In our globalized world, many people hold firmly to the belief that local is better. That conviction is particularly strong when it comes to food. In Washington, where I live, farmers markets are crowded with shoppers (including myself) who are prepared to pay outrageous prices for a basket of apples or a pound of cheese if it originated at a nearby farm. We convince ourselves that what we eat is fresher, purer, or more environmentally virtuous because it was grown or manufactured on a family farm close by.
I recently had the chance to participate in an unusual radio program, produced by the BBC, that takes a look at the booming international trade in food. Called The Food Chain, the program asks why long-distance shipments of food are growing so quickly. Part of the answer, it will not surprise you to hear, is that low transport costs and high reliability make it feasible to import goods that would not be traded if freight rates were higher, a story I tell in my book The Box. But an even more important cause of increased trade in food, I suspect, is changed consumer preferences. We expect to eat the foods of our choice when we want to eat them, and if that means importing strawberries from Mexico or Chile when local berries are out of season, so be it.
Those of a certain age can remember when life was otherwise. In the town where I grew up, in the U.S. Midwest, having fish for dinner meant popping a box of frozen fish sticks in the oven. Fresh fish was something our supermarket simply did not carry, because it had no means of bringing it in. Now, the town boasts several sushi bars. Thank modern logistics, including refrigerated containers and air freight, for providing diners with an option that previously did not exist.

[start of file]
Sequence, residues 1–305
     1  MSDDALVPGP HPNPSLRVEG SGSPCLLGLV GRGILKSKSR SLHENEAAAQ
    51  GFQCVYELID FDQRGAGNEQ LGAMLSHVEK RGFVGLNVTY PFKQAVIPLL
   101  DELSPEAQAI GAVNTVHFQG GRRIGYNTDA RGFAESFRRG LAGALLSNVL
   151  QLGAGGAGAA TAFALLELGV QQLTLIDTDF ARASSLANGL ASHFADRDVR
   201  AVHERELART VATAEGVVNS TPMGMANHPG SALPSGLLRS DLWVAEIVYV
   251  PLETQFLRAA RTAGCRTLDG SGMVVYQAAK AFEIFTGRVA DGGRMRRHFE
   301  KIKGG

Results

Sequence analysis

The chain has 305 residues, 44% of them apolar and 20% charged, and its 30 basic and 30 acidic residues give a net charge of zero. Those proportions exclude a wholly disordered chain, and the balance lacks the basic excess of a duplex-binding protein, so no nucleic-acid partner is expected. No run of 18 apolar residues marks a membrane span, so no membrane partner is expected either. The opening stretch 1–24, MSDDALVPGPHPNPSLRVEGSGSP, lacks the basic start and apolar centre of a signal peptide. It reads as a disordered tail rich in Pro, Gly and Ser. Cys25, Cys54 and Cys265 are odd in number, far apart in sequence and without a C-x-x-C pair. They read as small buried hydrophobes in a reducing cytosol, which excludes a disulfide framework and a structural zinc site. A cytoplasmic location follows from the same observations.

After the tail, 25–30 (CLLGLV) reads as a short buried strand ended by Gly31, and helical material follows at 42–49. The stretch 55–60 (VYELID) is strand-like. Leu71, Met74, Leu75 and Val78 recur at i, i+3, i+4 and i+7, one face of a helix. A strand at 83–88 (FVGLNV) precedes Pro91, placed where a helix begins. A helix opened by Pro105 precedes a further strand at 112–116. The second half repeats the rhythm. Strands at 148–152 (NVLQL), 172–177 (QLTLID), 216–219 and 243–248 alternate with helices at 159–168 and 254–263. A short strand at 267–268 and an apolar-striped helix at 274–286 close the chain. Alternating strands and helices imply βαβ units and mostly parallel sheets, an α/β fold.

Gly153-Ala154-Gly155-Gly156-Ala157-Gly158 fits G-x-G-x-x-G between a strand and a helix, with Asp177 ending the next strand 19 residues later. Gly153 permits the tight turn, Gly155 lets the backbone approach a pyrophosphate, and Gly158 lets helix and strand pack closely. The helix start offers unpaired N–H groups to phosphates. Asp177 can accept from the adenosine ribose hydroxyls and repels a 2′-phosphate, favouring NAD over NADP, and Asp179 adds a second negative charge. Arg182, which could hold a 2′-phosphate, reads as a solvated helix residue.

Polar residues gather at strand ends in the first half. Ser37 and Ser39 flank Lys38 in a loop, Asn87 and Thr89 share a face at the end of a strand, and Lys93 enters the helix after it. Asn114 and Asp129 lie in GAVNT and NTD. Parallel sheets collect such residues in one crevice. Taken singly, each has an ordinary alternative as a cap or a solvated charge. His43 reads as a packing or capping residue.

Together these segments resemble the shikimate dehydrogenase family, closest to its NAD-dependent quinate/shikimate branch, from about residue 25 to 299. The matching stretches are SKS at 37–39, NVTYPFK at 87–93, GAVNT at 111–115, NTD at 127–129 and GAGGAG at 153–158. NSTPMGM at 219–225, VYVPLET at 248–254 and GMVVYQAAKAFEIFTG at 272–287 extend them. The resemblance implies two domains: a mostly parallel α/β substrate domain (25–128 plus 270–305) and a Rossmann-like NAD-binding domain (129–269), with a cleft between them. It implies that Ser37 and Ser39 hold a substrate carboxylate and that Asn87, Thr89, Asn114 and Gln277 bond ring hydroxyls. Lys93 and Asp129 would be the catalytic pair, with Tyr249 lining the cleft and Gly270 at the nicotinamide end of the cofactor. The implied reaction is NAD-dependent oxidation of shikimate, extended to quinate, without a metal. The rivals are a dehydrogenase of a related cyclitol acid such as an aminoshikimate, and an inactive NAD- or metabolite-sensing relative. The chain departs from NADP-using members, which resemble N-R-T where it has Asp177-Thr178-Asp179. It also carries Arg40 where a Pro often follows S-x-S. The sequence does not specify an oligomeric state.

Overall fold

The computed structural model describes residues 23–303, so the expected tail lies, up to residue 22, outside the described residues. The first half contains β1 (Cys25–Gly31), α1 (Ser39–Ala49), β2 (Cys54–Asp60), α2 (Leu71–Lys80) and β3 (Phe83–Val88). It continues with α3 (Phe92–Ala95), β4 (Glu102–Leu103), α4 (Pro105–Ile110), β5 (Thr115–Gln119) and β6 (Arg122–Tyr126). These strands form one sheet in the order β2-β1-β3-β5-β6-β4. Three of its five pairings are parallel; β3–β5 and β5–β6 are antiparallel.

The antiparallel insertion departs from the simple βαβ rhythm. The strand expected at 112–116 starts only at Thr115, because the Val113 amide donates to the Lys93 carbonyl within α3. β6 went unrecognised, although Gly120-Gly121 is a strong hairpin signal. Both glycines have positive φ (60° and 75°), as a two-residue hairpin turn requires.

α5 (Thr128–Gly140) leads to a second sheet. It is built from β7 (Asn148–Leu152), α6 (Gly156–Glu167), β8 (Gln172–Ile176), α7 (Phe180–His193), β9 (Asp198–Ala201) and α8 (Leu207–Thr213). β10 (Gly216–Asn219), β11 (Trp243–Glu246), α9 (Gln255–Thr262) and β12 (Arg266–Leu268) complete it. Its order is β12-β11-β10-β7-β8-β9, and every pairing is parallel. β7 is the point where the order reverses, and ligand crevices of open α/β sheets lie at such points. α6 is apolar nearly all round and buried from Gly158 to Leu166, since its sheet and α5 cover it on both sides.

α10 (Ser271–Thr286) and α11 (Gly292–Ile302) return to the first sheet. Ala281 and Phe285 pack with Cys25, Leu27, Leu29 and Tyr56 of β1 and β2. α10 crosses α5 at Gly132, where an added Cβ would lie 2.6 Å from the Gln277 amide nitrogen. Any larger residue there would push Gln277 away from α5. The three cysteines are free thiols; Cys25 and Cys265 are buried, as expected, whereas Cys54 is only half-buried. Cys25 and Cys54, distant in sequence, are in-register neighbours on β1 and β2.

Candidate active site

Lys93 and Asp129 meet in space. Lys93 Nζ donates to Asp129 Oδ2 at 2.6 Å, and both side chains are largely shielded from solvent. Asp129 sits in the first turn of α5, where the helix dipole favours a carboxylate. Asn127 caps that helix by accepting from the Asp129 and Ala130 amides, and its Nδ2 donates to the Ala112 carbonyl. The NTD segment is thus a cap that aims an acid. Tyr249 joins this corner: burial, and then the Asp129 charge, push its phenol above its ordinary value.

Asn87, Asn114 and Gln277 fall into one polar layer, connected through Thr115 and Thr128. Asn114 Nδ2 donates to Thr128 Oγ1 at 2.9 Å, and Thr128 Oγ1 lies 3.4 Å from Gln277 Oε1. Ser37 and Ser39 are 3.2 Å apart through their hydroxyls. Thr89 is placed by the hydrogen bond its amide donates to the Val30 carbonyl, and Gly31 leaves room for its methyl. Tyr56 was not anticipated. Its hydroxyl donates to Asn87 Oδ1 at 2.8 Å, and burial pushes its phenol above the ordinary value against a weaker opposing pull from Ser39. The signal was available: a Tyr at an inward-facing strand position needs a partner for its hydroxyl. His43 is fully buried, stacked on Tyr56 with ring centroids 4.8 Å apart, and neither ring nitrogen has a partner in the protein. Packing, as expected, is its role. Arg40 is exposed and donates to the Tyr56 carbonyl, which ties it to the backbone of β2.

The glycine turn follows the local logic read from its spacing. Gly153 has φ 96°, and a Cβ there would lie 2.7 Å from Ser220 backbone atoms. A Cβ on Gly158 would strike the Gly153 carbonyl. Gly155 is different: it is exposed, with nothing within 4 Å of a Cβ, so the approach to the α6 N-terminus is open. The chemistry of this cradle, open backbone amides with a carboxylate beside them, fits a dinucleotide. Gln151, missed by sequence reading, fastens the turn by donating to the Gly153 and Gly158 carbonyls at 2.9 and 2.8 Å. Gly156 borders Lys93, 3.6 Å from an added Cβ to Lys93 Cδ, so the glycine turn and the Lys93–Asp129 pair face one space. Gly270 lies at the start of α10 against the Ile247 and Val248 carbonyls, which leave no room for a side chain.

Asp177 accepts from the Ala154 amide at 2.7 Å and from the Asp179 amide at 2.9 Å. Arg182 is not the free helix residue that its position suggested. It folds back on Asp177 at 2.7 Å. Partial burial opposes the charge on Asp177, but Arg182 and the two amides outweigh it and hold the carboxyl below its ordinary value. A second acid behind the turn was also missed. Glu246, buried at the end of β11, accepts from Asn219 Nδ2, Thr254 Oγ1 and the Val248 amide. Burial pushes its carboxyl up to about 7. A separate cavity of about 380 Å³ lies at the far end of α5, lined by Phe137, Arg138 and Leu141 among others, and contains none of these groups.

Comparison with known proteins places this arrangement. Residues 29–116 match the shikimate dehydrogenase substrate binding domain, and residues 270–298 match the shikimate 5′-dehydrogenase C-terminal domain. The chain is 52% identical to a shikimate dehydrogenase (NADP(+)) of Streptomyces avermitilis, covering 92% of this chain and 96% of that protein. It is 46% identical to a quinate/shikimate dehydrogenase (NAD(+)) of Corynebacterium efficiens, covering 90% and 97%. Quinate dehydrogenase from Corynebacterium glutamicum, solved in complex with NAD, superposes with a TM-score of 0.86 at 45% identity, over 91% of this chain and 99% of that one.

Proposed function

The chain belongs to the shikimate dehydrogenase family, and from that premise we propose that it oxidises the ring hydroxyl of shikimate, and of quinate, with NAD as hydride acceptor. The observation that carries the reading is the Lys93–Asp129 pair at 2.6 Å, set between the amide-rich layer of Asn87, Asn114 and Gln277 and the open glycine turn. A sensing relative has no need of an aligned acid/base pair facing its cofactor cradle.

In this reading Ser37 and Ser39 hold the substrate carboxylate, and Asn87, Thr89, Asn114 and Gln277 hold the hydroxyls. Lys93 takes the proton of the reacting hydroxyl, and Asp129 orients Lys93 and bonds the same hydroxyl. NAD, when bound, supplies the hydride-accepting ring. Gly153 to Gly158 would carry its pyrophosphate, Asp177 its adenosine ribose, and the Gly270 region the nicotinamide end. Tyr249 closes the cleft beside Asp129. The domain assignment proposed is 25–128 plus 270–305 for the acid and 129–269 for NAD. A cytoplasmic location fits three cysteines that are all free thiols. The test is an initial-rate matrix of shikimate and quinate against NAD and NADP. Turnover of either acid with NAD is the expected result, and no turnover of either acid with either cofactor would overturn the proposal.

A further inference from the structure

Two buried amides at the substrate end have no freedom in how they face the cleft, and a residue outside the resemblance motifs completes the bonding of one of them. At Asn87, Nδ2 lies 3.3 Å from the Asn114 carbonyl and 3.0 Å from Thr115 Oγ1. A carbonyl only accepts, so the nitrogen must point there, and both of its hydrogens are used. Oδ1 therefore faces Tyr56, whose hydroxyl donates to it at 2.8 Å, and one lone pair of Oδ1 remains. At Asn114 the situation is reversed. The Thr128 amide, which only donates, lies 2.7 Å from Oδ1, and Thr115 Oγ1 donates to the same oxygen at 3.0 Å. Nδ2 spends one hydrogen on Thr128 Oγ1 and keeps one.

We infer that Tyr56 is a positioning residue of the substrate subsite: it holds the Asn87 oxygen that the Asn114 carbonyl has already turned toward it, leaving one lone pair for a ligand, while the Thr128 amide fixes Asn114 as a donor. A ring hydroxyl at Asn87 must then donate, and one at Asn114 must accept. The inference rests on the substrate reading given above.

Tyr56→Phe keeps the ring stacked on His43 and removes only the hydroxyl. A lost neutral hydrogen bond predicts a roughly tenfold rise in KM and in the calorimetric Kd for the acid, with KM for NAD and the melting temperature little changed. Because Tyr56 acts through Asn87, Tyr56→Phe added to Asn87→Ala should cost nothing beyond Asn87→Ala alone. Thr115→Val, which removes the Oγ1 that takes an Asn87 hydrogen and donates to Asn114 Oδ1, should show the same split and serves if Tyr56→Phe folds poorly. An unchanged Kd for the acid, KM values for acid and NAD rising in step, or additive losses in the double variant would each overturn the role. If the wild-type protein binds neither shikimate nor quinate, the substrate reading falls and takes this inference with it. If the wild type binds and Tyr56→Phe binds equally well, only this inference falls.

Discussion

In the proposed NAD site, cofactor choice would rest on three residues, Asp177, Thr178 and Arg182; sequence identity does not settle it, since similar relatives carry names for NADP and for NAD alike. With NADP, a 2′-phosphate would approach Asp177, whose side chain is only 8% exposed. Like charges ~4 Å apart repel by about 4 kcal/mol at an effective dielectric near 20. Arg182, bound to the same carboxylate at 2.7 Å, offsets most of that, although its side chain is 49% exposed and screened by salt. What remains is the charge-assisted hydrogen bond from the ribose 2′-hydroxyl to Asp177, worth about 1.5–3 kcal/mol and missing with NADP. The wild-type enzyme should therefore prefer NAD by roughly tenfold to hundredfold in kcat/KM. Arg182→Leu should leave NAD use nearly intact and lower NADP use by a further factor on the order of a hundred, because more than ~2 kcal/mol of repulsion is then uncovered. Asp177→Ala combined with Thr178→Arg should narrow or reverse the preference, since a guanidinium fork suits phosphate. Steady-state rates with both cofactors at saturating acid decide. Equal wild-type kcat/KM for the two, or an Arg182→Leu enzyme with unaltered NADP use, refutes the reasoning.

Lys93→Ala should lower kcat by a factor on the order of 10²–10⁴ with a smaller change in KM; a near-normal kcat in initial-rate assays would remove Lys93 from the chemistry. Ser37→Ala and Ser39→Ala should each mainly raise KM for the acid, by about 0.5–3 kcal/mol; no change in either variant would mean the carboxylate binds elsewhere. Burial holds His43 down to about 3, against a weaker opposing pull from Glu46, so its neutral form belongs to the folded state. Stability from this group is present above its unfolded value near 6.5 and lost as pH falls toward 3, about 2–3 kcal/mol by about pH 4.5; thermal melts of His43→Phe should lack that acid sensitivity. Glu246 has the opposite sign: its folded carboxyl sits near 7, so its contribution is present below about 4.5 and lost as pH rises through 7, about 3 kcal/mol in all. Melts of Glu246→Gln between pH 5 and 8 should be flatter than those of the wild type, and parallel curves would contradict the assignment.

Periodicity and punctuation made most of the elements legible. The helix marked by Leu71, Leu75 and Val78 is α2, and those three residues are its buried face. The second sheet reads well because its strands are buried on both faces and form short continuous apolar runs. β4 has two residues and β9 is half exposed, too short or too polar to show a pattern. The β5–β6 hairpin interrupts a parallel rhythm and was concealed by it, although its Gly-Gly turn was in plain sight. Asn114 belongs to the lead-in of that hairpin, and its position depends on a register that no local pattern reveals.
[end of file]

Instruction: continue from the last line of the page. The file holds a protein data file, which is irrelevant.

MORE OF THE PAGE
One current line of attack on such variety in our food supply is that long-distance shipments of food are “unsustainable.” By this, the critics usually are taking aim at the large amounts of greenhouse gases supposedly produced while transporting food internationally. Part of my contribution to the BBC program was to point out that “local” is not at all the same as “sustainable.” International trade in food often involves huge economies of scale, which means food produced on another continent may be transported far more efficiently than food produced nearby. Moving 40-foot containers of fruit great distances in a large containership can result in much lower emissions per ton than carrying smaller quantities a hundred miles in a diesel truck.
The BBC has taken an unusually sophisticated look at the food trade. I hope you’ll have a chance to listen.